If the trace, arche-phenomenon of “memory,” which must be thought before the opposition of nature and culture, animality and humanity, etc., belongs to the very movement of signification, then signification is a priori written, whether inscribed or not, in one form or another, in a “sensible” and “spatial” element that is called “exterior.” . . .

Wednesday, December 21, 2005

Democrats Call for Impeachment Steps to Begin

{Excerpt from the Congressional report by the House Judiciary Committee Minority Staff on the Constitutional Crisis, which calls for legal action on impeachment, thereby answering my prayers }
"In brief, we have found that there is substantial evidence the President, the Vice President and other high ranking members of the Bush Administration misled Congress and the American people regarding the decision to go to war with Iraq; misstated and manipulated intelligence information regarding the justification for such war; countenanced torture and cruel, inhuman and degrading treatment and other legal violations in Iraq; and permitted inappropriate retaliation against critics of their Administration.

There is a prima facie case that these actions by the President, Vice-President and other members of the Bush Administration violated a number of federal laws, including (1) Committing a Fraud against the United States; (2) Making False Statements to Congress; (3) The War Powers Resolution; (4) Misuse of Government Funds; (5) federal laws and international treaties prohibiting torture and cruel, inhuman, and degrading treatment; (6) federal laws concerning retaliating against witnesses and other individuals; and (7) federal laws and regulations concerning leaking and other misuse of intelligence.

While these charges clearly rise to the level of impeachable misconduct, because the Bush Administration and the Republican-controlled Congress have blocked the ability of Members to obtain information directly from the Administration concerning these matters, more investigatory authority is needed before recommendations can be made regarding specific Articles of Impeachment. As a result, we recommend that Congress establish a select committee with subpoena authority to investigate the misconduct of the Bush Administration with regard to the Iraq war detailed in this Report and report to the Committee on the Judiciary on possible impeachable offenses."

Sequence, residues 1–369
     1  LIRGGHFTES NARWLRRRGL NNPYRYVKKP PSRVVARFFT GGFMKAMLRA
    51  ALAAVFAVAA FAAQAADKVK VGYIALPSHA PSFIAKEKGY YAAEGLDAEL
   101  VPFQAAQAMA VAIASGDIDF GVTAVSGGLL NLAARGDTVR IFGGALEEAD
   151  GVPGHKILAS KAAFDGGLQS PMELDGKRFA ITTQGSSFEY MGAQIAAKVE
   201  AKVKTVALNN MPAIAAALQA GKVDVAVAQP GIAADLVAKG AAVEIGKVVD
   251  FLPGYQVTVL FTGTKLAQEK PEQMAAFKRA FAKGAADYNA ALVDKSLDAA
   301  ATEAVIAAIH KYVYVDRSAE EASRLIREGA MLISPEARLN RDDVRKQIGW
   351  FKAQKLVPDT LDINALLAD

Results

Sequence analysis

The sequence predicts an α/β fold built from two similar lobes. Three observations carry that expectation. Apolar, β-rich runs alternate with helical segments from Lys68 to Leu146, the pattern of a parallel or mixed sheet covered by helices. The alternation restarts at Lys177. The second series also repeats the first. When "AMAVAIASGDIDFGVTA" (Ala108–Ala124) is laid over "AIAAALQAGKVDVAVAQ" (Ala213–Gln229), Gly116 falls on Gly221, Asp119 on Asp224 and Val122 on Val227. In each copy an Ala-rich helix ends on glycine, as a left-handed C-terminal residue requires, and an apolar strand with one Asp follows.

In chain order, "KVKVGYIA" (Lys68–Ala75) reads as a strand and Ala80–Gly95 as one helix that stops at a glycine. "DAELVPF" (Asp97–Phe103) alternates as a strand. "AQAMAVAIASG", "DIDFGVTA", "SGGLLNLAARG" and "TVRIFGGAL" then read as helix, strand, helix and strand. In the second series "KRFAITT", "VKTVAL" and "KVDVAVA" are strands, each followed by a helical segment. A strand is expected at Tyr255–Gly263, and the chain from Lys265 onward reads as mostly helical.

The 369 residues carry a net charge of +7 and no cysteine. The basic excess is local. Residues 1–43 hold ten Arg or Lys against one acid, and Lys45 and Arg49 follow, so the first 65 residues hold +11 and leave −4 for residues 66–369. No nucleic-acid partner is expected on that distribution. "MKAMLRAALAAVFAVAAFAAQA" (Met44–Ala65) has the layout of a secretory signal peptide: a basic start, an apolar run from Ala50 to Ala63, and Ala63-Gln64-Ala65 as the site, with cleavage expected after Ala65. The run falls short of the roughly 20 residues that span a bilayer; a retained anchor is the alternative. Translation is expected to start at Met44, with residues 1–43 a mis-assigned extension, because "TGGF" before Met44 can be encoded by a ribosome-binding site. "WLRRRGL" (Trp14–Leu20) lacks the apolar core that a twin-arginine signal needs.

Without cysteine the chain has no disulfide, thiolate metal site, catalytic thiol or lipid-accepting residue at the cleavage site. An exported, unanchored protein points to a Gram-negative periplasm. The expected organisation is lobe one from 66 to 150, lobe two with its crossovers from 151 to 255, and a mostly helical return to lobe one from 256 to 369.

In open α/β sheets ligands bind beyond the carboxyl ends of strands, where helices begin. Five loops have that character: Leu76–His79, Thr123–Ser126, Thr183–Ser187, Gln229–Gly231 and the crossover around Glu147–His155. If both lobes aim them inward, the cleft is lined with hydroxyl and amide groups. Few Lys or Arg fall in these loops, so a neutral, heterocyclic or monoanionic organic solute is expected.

. . . .
{whole report available online from within the link above }

Monday, December 19, 2005

Bush Threatens to Spy on More Americans

The news article above gives you the absurd facts of the matter: that President Bush continues to ignore the US Constitution on several fronts, and to ignore the critical advice he's just been given. Basically, like the inflexible King Creon in classical Greek tragedy, Bush insists that he's the Man and he will impose his will on the country formerly known as a democracy, come what may. But come what may -- did we just suggest that the genre is Tragedy?

The democrats are putting more spine into opposing him on this lately, finally taking the Patriot Act out of commission. Here's their reaction to Bush's spy tyranny:
Sen. Russell Feingold, D-Wis., said the president's remarks were "breathtaking in how extreme they were." Feingold said it was "absurd" that Bush said he relied on his inherent power as president to authorize the wiretaps.

"If that's true, he doesn't need the Patriot Act because he can just make it up as he goes along. I tell you, he's President George Bush, not King George Bush. This is not the system of government we have and that we fought for," Feingold told The Associated Press in a telephone interview.